Back on the surface world, there are noticeably fewer pitchforks and lava pools, but at least we’ve got these treasure chests that attack by firing random ghost parts at you. A skeletal hand at the bottom, a pre-worn ghost sheet on the left and over on the right it’s a… is that a bloody skull with the trailing spinal column still attached? Am I being attacked by Sub-Zero’s Precious Memories Keepsake Box? The trick here – and it’s a trick that applies to many of Halloween Police’s more stationary monsters – is that the chests can’t attack diagonally but you can, so now you know where to shoot them from.

There’s not much else to say about the last few screen, and aside from a section where you run across a bridge while skeletal fish jump out at you, it’s a sprint through a now-familiar set of backgrounds and enemy types. I’m happy with that, though. Halloween Police might not be much of a game in terms of excitement or innovative gameplay, but obviously it gets a pass for being made by one person with a Commodore 64 game creation kit and apart from a life bar being hugely preferable to instant deaths, it’s about as good as I expected it to be – and it’s definitely got enough Halloween-osity to it to make me glad I played it.

And now, the final boss. If I’m the Halloween Police then I have to assume this is some kind of undead mafia kingpin and I’m about to bust him for tax evasion and vomiting up fireballs without a permit. On first glance I though those things behind the bars at the top were prisoners of the boss – the two vertical lines at the bottom are the legs and the lines at the side at the arms, you see. But then they began firing energy bolts at me and I realised they were skeleton hands. The boss was subsequently far less menacing, because now it looks like a kid that’s managed to get themself stuck in the railings at the park.
Remember what I said about firing diagonally? That’s this boss’s weakness. The boss can only fire straight downwards from its skull-head or diagonally from the hands, so it’s very easy to position yourself in such a way that the boss can’t actually hit you. After fighting through what was a pretty tough little game, it was nice to face a final encounter that struggled to fight back.

There were go. After shooting each of the boss’ three parts for a while, the game is over. At least I think it’s over. The gate’s open and I can still move my character around, but nothing else is happening. Maybe he’s radioed in for a helicopter to come and pick up or something, but it’s an even more anticlimactic ending than I expected from a C64 shooter. Oh well, time to go and make a cup of coffee and jot down a few notes for when I come to write this article up.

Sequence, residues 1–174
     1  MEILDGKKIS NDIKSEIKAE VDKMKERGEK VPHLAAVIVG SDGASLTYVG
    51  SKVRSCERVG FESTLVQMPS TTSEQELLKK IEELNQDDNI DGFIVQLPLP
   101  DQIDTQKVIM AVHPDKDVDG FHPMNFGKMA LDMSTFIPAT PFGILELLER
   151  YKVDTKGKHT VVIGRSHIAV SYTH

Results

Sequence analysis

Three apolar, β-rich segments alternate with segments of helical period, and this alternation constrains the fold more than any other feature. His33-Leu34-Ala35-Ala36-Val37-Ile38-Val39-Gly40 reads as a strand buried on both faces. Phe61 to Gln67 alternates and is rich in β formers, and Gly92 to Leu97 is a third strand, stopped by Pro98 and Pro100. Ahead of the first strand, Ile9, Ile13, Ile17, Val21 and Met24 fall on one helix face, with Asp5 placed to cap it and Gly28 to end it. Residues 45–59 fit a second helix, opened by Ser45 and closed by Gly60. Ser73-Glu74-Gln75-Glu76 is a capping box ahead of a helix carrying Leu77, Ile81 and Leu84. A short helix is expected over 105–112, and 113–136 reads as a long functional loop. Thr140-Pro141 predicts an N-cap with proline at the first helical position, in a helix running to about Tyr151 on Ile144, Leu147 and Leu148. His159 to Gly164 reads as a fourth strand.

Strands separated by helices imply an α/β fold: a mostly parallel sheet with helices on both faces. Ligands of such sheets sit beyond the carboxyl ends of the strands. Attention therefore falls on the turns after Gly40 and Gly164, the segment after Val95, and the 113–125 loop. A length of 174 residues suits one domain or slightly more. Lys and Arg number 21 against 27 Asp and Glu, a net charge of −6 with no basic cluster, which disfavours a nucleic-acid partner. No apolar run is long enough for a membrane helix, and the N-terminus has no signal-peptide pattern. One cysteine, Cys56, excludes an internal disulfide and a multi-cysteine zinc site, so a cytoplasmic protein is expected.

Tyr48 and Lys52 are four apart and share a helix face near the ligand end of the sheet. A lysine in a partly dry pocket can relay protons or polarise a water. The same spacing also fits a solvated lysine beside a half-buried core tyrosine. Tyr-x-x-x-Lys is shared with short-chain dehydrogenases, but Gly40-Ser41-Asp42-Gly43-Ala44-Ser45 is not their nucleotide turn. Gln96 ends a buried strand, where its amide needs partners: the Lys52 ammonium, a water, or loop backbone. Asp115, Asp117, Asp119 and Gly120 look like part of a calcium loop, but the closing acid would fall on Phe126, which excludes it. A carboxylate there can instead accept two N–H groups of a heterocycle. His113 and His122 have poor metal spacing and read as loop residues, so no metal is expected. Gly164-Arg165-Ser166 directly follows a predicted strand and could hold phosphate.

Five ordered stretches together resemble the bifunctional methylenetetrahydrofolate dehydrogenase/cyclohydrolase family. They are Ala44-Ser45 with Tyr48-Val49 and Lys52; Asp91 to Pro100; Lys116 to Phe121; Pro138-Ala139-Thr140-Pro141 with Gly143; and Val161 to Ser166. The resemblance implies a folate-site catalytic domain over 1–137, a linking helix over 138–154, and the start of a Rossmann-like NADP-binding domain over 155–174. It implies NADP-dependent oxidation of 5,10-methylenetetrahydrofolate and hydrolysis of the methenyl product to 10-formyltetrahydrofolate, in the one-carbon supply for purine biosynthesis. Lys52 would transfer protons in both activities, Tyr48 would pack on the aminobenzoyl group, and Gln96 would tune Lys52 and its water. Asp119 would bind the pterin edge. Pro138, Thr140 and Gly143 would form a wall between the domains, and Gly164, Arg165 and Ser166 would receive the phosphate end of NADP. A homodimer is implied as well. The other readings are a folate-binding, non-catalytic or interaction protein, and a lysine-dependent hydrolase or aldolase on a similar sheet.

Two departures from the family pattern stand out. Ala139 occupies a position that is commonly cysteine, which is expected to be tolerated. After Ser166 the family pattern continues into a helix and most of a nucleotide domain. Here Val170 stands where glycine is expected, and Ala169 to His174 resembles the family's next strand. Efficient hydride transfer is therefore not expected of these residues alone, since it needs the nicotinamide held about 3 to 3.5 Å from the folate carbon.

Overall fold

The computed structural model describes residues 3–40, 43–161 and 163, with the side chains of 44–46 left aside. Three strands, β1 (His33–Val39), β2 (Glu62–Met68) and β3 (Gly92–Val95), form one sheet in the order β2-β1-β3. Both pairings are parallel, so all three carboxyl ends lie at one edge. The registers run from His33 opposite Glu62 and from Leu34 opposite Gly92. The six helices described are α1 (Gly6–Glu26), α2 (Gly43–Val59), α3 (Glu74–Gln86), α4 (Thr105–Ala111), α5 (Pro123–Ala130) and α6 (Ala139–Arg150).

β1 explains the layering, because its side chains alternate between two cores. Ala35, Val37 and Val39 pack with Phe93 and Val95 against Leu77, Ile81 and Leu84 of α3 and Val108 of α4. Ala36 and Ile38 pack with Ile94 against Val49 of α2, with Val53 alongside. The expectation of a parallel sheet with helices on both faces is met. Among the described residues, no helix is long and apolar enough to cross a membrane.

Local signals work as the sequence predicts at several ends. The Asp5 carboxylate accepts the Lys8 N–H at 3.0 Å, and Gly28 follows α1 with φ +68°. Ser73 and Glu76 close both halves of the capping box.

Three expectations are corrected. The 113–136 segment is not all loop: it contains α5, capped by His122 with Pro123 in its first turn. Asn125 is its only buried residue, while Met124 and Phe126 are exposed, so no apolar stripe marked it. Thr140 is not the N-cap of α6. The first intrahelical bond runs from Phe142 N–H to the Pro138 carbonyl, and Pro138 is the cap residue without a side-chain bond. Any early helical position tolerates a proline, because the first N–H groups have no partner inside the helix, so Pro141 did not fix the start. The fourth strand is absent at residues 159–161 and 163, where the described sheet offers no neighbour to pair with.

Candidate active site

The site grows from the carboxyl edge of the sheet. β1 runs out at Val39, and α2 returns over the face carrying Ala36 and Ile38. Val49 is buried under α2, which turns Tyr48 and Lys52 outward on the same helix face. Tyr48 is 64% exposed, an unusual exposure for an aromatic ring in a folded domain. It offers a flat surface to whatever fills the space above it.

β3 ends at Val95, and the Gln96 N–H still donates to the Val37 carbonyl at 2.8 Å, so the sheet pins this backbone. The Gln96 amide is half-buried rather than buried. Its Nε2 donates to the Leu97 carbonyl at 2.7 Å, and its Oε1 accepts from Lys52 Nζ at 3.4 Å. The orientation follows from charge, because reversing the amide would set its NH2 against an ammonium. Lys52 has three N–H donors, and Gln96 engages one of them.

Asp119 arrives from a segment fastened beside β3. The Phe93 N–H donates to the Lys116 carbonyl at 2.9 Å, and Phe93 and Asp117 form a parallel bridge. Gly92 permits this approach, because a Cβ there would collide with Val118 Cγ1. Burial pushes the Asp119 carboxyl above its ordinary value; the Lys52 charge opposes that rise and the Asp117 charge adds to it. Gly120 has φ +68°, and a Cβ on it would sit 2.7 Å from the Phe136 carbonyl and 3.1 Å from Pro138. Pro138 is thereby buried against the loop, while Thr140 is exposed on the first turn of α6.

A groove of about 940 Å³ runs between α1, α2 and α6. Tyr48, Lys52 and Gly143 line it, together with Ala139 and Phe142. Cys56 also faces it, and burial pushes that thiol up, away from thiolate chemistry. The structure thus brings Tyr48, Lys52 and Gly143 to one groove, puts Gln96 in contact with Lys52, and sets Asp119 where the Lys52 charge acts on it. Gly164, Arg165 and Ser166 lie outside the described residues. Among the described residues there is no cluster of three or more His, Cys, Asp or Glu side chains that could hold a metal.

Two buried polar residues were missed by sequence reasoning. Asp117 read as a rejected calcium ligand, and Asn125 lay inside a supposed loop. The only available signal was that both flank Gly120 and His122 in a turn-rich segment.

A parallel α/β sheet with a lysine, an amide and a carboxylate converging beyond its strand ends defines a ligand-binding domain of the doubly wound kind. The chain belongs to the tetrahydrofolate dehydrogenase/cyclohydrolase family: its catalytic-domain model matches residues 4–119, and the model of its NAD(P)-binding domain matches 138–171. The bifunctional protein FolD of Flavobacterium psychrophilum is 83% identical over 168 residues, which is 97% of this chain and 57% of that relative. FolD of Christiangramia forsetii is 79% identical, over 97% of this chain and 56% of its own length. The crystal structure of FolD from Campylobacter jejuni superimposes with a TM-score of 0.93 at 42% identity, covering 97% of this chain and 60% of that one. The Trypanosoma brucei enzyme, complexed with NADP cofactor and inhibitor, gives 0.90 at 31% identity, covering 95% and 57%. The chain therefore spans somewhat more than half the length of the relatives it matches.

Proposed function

That’s literally what I did, and I’m glad I left the game running because when I came back fifteen minutes later I’d moved on to an actual ending screen. I’m inordinately amused that the ending message is just “GAME COMPLETED.” Not “you win!,” not even a “congratulations!” but only the clinical information that you’ve done your job sufficiently. It’s all in a day’s work for the Halloween Police. Now it’s back to the Halloween Precinct to fill in some spooooky paperwork! Oh, and you can “collect” the people on the final screen for a points bonus, so I guess this was a rescue mission after all.
Halloween Police isn’t a great game by any stretch of the imagination. It’s a very basic shooter with a couple of awkward sections, especially the rock-climbing (if that is what was going on there) part. However, I had a lot of fun playing it because I got to shoot a pumpkin right in its freshly-carved face. I’m a man of simple pleasures. I was going to complain that there isn’t more Halloween Police content out there, like the Halloween Police TV show I imagined at the beginning of the article. Then I realised there basically is a Halloween Police TV show, and it’s called Buffy the Vampire Slayer. Oh well, I’ll just have to watch that again for the thousandth time.

And so we turn to the Halloween-O-Meter, and I think I’m going to give Halloween Police a stonkin’ great nine out of ten for Halloween-osity. Anything less wouldn’t be right, because this is a game that not only features killer pumpkins but also has Halloween right there in the tile. I held off on a full ten out of ten purely because most of the backgrounds are dark graveyards: a very Halloween-y location to be sure, but it could have scored more highly had I been forced to fight through an evil carnival or a mad doctor’s laboratory.


  1. I am scared to imagine how Halloween Police Department's SWAT team would be like.

    1. They've got one of those battering-ram tanks, except it's got a big wooden stake on the front.

  2. Yes, now the Halloween season has officially begun! I love the Halloween site theme.

    1. Thanks, I really like the site theme too!

  3. A Commodore 64 game, in 1994? Sounds like Ryan Chenery was having trouble, uh, giving up the ghost.

    1. as far as I can tell he was still making C64 games into the 2010, even!

  4. Seeing how all those zombies are dressed like Freddy Krueger. I'm pretty sure those "backwards baseball caps" are supposed to be fedoras.

    1. I really wish that was the case, that'd be great (I think the brim of the hat is actually supposed to be a nose.)

  5. There was an MTV show called Death Valley about Halloween police. It was good

    1. Well, time for me to do some DVD shopping.